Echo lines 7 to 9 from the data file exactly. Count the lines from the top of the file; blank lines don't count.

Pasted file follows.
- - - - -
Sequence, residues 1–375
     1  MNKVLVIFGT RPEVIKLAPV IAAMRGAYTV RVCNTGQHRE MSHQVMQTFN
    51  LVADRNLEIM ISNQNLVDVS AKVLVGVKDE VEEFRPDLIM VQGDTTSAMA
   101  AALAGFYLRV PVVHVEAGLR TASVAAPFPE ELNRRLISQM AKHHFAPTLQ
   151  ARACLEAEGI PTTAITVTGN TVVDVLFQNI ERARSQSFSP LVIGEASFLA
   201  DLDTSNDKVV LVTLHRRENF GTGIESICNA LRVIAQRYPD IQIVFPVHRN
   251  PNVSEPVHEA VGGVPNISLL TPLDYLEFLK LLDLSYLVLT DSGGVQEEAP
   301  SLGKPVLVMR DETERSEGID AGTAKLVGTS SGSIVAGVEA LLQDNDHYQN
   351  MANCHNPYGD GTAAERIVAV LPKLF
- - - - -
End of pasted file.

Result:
   251  PNVSEPVHEA VGGVPNISLL TPLDYLEFLK LLDLSYLVLT DSGGVQEEAP
   301  SLGKPVLVMR DETERSEGID AGTAKLVGTS SGSIVAGVEA LLQDNDHYQN
   351  MANCHNPYGD GTAAERIVAV LPKLF